Since I began researching articles for this blog over a year ago, certain issues have come around as reliably as day and night. Propriety formats that require publishers to reformat their work endlessly for different devices continue to cause anger, whilst DRM technology that restricts what customers can do with the ebooks they buy is almost certainly counterproductive. Amazon continue to try and lower ebook prices against publishers wishes, and libraries struggle to break into ebook lending due to publishers lending policies, and the lack of a suitable platform. I've written about these issues less and less, as there have been so few positive developments that it's become difficult to re-approach them in a constructive manner.
Groups affected by these problems are clearly in need of a proactive, organised campaigning force, which is where the Publication Standards Project comes in. You can read their far more eloquent take on the issues I've listed above in these two essays. Founder Nick Disabato is an interaction designer who also publishes a design and technology journal; in other words, he understands both the intricacies of web design and the priorities of small publishers. And he has big ambitions for Publication Standards; 'Over the rest of 2012, we're going to launch a new campaign each month that tackles a new issue.'
As a starting point, Publication Standards have set their sights on Digital Rights Management. In brief, DRM is the software ebook retailers use to encrypt a book so that it can only be read on one device. Imagine that your Kindle broke down and you decided to replace it with a Kobo or a Nook - DRM would prevent you from changing the format of your ebooks and moving them onto your new device. That's assuming you're incapable of googling 'remove DRM kindle'. So, DRM doesn't do what it's supposed to, but it is very good at convincing potential customers that ebooks have no intrinsic value; after all, you don't really own them. It also locks honest customers into using one device and one retailer, so if you'd prefer ebook retailing to become more diverse, you should oppose DRM.
What can you do to to combat the use of DRM? If you're an ebook customer, you can send a personalized version of this letter to major publishers, which explains why DRM isn't in their interests. Their addresses are listed on the same page. If you're an author, Publication Standards have written a letter you can use to persuade your publisher to sell your book DRM free. If, like me, you've self published a book, you can turn Amazon's DRM off yourself. Simply log into KDP, click on the title of your book, and scroll down to '5. Upload Your Book File'. You should see two boxes - ensure the one that says 'Do not enable digital rights management' is ticked, then save and continue. Once you're DRM free, you can display a button on your website linking back to Publication Standards, encouraging others to make the same decision.
Although Nick is keen to emphasize that, 'the Publication Standards Project is, (and will always be), against DRM', the main focus of their campaign is now the difficulties that libraries face in lending ebooks. Currently, lending policies are dictated by authors' and publishers' fears of how the practice might affect them. The Society of Authors' position on ebook lending is that it undermines bookselling by lessening the incentive for readers to buy rather than borrow a book. (This is despite recent research finding that, 'over 50% of all library users report purchasing books by an author they were introduced to in the library'). These worries have lead to only two of the big six publishers, (Random House and Bloomsbury), signing up for OverDrive, the predominant ebook lending platform, and Macmillan and Simon & Schuster choosing not to lend ebooks at all. This means that libraries are unable to offer the best selection of ebook titles. They may also encounter issues finding a platform that caters to all devices, and face legal repercussions if borrowers manage to remove the DRM from books. And making the transition to digital is expensive: Random House recently tripled the price they charge libraries to buy ebooks.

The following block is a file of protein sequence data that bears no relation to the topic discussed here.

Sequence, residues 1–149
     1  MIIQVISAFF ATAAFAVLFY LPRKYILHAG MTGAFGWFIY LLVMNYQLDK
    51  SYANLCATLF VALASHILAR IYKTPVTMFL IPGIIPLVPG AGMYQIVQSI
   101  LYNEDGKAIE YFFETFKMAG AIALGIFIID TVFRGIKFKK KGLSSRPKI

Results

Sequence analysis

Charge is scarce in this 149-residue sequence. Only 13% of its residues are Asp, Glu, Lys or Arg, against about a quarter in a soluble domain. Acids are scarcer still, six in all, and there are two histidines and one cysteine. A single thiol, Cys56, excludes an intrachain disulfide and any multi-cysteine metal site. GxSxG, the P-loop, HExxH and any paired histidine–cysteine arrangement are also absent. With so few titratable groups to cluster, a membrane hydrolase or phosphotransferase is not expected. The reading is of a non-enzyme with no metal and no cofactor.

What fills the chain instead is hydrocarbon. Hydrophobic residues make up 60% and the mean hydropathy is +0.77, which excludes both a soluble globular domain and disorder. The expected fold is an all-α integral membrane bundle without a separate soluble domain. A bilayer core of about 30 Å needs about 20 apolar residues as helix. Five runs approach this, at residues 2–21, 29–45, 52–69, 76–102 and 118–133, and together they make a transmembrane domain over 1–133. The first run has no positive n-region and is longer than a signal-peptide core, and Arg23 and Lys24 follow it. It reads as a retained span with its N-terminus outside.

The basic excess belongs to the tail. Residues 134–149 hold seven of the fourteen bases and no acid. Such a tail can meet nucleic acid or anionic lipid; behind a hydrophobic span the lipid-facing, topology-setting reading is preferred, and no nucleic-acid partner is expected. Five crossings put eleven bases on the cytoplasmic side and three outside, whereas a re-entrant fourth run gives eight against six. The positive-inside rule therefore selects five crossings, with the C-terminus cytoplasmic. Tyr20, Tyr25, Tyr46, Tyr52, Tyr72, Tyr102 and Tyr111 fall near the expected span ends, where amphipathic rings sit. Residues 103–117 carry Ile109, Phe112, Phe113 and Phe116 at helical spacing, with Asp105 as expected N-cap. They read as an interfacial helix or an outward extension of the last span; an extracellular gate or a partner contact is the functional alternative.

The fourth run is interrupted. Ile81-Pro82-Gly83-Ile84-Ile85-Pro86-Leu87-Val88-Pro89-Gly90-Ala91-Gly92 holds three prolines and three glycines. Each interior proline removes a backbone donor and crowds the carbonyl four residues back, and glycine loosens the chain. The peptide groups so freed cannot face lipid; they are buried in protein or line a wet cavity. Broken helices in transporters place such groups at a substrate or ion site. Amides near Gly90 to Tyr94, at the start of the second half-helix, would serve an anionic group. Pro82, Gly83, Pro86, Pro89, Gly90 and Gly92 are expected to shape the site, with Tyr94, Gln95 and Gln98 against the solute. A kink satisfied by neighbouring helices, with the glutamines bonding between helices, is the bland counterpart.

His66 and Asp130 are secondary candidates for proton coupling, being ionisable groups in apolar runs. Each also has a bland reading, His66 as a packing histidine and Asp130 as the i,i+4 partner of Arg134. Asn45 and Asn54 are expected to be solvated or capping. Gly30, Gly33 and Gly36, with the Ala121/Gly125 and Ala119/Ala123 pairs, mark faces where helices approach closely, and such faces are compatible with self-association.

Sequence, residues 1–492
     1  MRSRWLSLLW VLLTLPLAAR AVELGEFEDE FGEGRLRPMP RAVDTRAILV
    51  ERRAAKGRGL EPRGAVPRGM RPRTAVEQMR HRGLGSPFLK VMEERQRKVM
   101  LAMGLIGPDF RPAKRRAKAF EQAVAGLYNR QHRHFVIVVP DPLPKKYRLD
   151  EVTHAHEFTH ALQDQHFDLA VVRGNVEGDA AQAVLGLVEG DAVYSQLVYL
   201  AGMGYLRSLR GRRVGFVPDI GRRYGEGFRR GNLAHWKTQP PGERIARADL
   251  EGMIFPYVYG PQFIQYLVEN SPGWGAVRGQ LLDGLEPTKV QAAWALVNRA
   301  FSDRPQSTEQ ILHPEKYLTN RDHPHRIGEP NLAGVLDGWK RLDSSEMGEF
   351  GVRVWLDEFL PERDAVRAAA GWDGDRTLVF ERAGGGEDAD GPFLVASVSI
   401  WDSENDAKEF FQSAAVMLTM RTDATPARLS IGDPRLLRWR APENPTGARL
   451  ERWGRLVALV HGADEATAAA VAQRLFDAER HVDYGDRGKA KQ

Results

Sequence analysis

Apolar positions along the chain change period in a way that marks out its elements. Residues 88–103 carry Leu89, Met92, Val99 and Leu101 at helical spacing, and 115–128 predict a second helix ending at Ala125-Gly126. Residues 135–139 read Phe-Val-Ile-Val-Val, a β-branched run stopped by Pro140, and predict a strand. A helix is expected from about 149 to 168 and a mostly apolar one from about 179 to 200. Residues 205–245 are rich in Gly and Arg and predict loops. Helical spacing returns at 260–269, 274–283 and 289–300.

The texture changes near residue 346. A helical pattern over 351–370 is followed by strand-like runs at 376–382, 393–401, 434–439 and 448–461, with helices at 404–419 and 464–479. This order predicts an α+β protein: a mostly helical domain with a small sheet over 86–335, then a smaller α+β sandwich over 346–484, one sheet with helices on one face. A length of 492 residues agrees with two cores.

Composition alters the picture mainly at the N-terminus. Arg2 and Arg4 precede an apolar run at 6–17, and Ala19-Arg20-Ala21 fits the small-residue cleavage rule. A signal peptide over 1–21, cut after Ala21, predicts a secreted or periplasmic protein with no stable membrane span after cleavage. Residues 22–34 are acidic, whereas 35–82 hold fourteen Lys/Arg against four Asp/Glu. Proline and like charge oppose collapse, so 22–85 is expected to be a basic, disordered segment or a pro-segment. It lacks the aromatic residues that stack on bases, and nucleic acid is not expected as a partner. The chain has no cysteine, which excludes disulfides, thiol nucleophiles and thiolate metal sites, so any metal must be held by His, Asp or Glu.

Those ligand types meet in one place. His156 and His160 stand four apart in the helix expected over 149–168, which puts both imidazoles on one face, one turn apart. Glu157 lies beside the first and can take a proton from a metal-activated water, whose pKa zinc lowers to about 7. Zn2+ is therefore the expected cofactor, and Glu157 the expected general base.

Publication Standards already have a librarian on their panel, but they are keen to solicit more personal stories from those with direct experience of library work. If you work in a library, let them know how they can be more effective in advocating for you.
Nick is always keen to speak to organisations affected by digital publishing, in order to ensure Publication Standards continues to convey the right message. I mentioned to him some of the specific problems poetry publishers face when trying to format their books, and he agreed that, 'reflowing across pages is an issue, and typographic issues are of paramount concern.' It is important to remember that this problem ties in with Publication Standards' more general campaign for ePub to be supported across platforms, since this open standard has shown much more progress in meeting poetry publishers' needs than Amazon's Kindle format; 'Forced page breaks are a relatively solved problem with ePub'.
So, if you're a poetry publisher afflicted by the deficiencies of the Kindle format, or any of the other issues described above, it's definitely worth keeping up to date with Publication Standards' campaigns by entering your email address here.